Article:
What Are Conflict Diamonds?
The issues surrounding conflict diamonds are not well-known by your average diamond jewelry buyer, and one that is hotly debated by international human rights groups.
Conflict diamonds or blood diamonds are diamonds that are mined in certain African countries (as designated by the U.N. Security Council and the World Diamond Council) where there is continuing civil rebel unrest against legitimate governments and gross civilian abuses take place. The diamond trade in these areas (notably Sierra Leone, Angola, and the Democratic Republic of Congo) helps fund the ongoing wars.
Monitoring by the international diamond industry is self-regulated and voluntary. Although some leading U.S. retailers, both online and off, have created their own code of conduct to ensure they sell only conflict free diamonds, the U.N. Security Council recognizes that there are several loopholes through which rough diamonds are traded in legitimate countries and which will be difficult to eliminate.
Kimberley Process Certification Scheme
The Kimberley Process Certification Scheme (KPCS) is an international coalition of governments, diamond industry and civil interests working on a viable, voluntary certification system to ensure that rough diamonds imported by a country are conflict free.
Some of the issues being discussed include implementing a certificate of origin system to track loose diamond trade, how to create a system of warranties throughout the supply chain, from the mine to the end retailer and the problems of smaller countries not having the resources to implement such programs. With international input from many sources, these issues are not easily resolved, but progress is slowly but surely being made. See the Kimberley Process for more information.
Should Conflict Diamonds Take The Heat?
While no one denies that conflict diamonds do fund rebel armies, many feel that the crux of the issue lies with the political and economic corruption behind these wars, and that the focus of global efforts should be placed there, and not on one industry.
Another issue to consider is that illegal drug trafficking and oil money also finance conflicts and destabilize poor governments not only in Africa, but throughout the world, and that the diamond industry has been targeted as they provide goods for a luxury industry.
The issues are complex with no easy answers. You will have to examine them and decide for yourself. If conflict diamonds do concern you, there are ways to ensure a guilt-free diamond jewelry purchase.
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How Do I Buy Conflict Free Diamonds?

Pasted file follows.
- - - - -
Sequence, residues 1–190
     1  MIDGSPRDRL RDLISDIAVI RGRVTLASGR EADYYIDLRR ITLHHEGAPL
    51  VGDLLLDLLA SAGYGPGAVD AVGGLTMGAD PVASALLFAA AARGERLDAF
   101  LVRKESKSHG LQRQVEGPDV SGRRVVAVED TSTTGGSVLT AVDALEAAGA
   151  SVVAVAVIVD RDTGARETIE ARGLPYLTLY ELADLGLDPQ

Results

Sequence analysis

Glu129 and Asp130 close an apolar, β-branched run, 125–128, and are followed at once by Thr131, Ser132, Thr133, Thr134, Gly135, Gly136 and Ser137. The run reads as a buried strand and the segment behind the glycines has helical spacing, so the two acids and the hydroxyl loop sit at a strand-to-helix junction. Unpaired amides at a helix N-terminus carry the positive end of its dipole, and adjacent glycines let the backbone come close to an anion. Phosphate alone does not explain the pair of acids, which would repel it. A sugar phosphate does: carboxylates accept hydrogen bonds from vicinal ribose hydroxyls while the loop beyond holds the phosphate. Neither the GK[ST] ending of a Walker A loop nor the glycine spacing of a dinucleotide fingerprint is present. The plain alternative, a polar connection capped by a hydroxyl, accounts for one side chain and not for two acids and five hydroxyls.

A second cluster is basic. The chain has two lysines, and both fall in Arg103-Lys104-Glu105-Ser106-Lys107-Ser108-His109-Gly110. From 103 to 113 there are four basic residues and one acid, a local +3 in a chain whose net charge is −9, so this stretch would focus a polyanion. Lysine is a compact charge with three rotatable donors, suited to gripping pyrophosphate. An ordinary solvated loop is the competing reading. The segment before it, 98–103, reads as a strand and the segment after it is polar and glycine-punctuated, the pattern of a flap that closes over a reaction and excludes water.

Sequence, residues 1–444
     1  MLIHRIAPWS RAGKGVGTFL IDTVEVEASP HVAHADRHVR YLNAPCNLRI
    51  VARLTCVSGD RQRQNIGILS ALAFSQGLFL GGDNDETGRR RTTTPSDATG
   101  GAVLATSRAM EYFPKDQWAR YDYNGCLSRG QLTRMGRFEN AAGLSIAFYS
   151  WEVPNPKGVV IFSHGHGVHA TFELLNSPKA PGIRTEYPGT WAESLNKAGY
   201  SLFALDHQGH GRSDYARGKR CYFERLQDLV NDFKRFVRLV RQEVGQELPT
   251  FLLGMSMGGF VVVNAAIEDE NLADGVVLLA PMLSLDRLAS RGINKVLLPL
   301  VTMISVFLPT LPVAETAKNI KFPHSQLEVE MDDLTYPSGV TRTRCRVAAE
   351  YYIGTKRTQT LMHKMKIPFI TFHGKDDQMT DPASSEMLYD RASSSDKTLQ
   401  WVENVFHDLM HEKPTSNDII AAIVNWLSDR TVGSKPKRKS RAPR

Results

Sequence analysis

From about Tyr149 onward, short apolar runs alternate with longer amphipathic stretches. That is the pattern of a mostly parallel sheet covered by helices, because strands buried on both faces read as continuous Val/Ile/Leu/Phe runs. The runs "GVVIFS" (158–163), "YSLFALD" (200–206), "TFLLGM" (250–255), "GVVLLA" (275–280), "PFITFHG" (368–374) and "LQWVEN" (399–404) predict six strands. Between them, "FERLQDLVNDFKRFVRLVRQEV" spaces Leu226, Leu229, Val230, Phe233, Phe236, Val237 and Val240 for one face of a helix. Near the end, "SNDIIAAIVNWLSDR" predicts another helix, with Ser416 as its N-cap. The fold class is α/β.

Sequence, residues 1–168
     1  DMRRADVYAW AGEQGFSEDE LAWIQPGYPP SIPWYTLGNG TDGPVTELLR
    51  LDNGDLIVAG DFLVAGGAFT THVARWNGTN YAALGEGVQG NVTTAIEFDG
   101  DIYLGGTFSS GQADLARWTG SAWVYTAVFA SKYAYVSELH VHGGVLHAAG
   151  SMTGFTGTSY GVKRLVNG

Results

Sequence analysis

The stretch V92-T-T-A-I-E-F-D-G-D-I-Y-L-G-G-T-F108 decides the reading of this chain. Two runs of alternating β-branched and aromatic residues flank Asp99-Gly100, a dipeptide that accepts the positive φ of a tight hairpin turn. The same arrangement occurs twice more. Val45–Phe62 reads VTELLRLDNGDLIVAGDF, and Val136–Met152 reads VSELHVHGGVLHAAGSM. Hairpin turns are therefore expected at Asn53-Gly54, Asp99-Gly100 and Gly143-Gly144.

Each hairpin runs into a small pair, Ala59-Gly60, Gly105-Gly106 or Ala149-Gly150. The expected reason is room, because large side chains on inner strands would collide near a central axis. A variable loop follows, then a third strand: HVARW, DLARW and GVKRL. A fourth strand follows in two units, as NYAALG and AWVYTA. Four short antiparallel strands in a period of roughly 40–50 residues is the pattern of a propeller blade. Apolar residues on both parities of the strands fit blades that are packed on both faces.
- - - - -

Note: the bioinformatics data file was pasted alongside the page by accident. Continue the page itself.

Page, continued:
As a consumer, you have a right to know where your diamonds originated.
If this concerns you, don't hesitate to ask your diamond dealer if they can provide a conflict-free warranty for your diamond jewelry purchase. Asking for an assurance sends a very powerful message to the diamond industry. Jewelry retailers also will display information that shows they do not purchase conflict diamonds and you should ask for a Certificate of Origin if you have any doubts about their claims.
- Canadian diamonds offer an alternative to conflict diamonds from Africa as the government tightly regulates their diamond industry. While Canadian conflict-free diamonds are about 10% more expensive, you have solid guarantees that no human rights abuses surround your purchase. Canadian diamonds come with a certificate and an inscription on the girdle of the diamond as proof of Canadian origin.
- Buy a synthetic diamond, a way to own a clear, or especially a beautiful colored diamond at a fraction of the cost.
- Ask the dealer if they comply with the Kimberly Process and will certify in writing that the diamond you are buying was purchased from a source that was not involved with funding conflict (notably Sierra Leone, Congo and Liberia).
- Go vintage. If you can certify that the stone was purchased prior to 1990 (the year Sierra Leone and other conflicts started), it is decent proof. It may need to be clarity enhanced to improve the quality.
Conflict Diamond Resources
- Clean Diamond Trade Act, a downloadable PDF of the U.S. 108th Congress Act.
- Global Witness Conflict Diamond reports. Has current conflict diamond and mineral articles.
- Download Amnesty International info on How to Buy a Conflict Free Diamond buyers guide.
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